# How to Calculate HST for Small Business (Canada)

Where You Are & Where You're Shipping to Determine the Answer

## Question: How do you calculate GST/ HST?

How to calculate HST for small businesses in Canada depends on which province or territory your place of business resides. Some provinces have harmonized their provincial taxes with the Goods and Services Tax GST and charge a Harmonized Sales Tax (HST) on taxable goods and services. Some provinces/territories have no provincial sales tax and charge HST only, and some provinces charge a separate Provincial Sales Tax (PST).

So when you are selling goods or services in the province where your small business is domiciled, you charge your customers the appropriate tax and rate that province or territory calls for. There are, as you'll see below, several exceptions to the general rule. First, though a look at which provinces and territories charge what.

## Provinces That Charge HST

Ontario, Nova Scotia, New Brunswick, Prince Edward Island and Newfoundland/Labrador charge HST. In those provinces, you would charge the appropriate percentage of HST on goods and services. Combined with GST, in those provinces the rates are:

• In Ontario, 13%
• In New Brunswick, 15%
• In Prince Edward Island, 15%
• In Nova Scotia, 15%
• In Newfoundland & Labrador, 15%

So let's suppose you run a gift store and you sell a wind chime at a price of \$39.99 (a taxable good). If you were selling it in Nova Scotia, its price would be calculated as:

1 Wind chime   \$39.99
HST @ 15%      \$6.00

Total Price      \$45.99

Whereas in Ontario, the price would be:

1 Wind chime   \$39.99
HST @ 13%      \$5.20

Total Price      \$45.19

## Provinces With No PST (Provincial Sales Tax)

Calculating GST and invoicing is a snap in Alberta, the Northwest Territories, Nunavut and Yukon as these provinces and territories have no provincial sales taxes; GST is charged by calculating 5% of the item's sale price and adding it onto the bill. An invoice for the wind chime if you sold it in any of these places would simply be:

1 Wind chime   \$39.99
GST @ 5%      \$2.00

Total Price      \$41.99

## Provinces That Charge GST and PST Separately

In provinces where there is PST (Provincial Sales Tax) you have to charge both GST and PST; you calculate the GST on the price of the goods or service before PST has been applied.

The provinces of Manitoba, Saskatchewan and British Columbia have PST:

• In British Columbia, 7%
• In Saskatchewan, 6%
• In Manitoba, 8% (known as the Retail Sales Tax or RST)
• In Quebec - 9.975% (known as the Quebec Sales Tax or QST) .

For example, in Manitoba, the Retail Sales Tax is 8 percent. RST, like GST, is charged on the total selling price of the merchandise. (The total selling price includes delivery, mailing, transportation, or handling charges.) So in this case your sale of the wind chime would be calculated as:

1 Wind chime  \$39.99
GST @ 5%      \$2.00
PST @ 8%      \$3.20

Total Price      \$45.19

## Exceptions for Small Suppliers

If you qualify as a Small Supplier, in some provinces you won't have to add any taxes at all (but be careful because not all provinces exempt their Small Suppliers from PST).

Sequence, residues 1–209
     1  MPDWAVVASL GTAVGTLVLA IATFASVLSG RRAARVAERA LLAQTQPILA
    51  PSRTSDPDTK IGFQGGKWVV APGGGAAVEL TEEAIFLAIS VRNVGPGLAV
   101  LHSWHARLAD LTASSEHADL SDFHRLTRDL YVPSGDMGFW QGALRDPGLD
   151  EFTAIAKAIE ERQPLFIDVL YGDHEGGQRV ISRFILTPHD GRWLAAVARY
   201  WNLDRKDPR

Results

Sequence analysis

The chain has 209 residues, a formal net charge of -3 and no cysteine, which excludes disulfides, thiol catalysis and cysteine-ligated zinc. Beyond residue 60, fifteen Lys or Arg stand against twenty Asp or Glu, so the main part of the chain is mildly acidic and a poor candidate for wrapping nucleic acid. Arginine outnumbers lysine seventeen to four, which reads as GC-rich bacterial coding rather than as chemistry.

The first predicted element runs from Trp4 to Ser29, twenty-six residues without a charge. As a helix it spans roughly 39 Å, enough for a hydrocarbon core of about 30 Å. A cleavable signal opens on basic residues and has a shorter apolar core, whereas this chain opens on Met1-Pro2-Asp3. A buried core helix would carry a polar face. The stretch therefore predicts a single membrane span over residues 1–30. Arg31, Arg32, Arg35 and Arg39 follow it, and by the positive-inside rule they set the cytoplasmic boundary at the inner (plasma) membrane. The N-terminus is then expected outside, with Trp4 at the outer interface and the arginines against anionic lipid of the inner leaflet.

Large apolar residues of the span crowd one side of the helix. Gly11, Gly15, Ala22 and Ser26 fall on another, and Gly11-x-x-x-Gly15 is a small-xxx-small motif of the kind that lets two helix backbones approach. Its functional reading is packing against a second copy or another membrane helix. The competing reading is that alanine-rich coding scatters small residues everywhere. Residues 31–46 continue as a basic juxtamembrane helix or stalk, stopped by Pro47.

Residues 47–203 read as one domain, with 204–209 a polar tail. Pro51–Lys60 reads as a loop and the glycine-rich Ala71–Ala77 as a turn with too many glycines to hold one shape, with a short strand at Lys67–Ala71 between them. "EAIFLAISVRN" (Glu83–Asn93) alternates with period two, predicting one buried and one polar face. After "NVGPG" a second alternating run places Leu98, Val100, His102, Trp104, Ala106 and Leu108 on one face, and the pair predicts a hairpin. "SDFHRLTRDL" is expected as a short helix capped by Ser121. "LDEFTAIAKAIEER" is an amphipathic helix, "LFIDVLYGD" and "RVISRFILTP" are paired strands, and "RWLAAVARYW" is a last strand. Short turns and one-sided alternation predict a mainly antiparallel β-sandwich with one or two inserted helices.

To qualify as a Small Supplier, your total taxable business revenues (before expenses) must be \$30,000 or less in the past year. If this is the case, you do not have to register to collect and remit GST/HST. You may wish to do anyway so you can recover GST/HST on expenses paid through Input Tax Credits. Note that for provinces that charge a separate PST you may qualify for the Small Supplier exception for the federal GST but in the provinces of Saskatchewan and Manitoba you must still charge PST/RST. BC has an equivalent Small Supplier exception for the PST so if you qualify in BC you will not have to charge and remit either tax.

## Exceptions for Exempt and Zero-Rated Goods and Services

Some goods and services are exempt or zero-rated, which means that you do not charge HST on the customer invoice. See What Goods and Services Are GST/HST Exempt or Zero-Rated? for an explanation of exempt and zero-rated goods and services and examples of each.

## Selling Goods and Services to Another Province or Territory

If you are selling goods and services to another province or territory you charge GST/HST based on the rate charged in the destination province/territory. So for example if your business resides in BC and you are selling and shipping products to Alberta you would charge 5% GST rather than the BC rate of 5% GST + 7% PST.

## Selling Goods and Services out of Canada

You do not need to charge GST/HST on goods shipped to another country. There may, however, be export/excise taxes. For example, products such as cigarettes and alcohol are subject to excise taxes from the provincial and federal governments.

For more on invoicing and applying taxes, see How to Invoice and An Invoice Sample with HST. Both of these articles explain exactly what information has to be on an invoice as well as providing invoice templates you can use.

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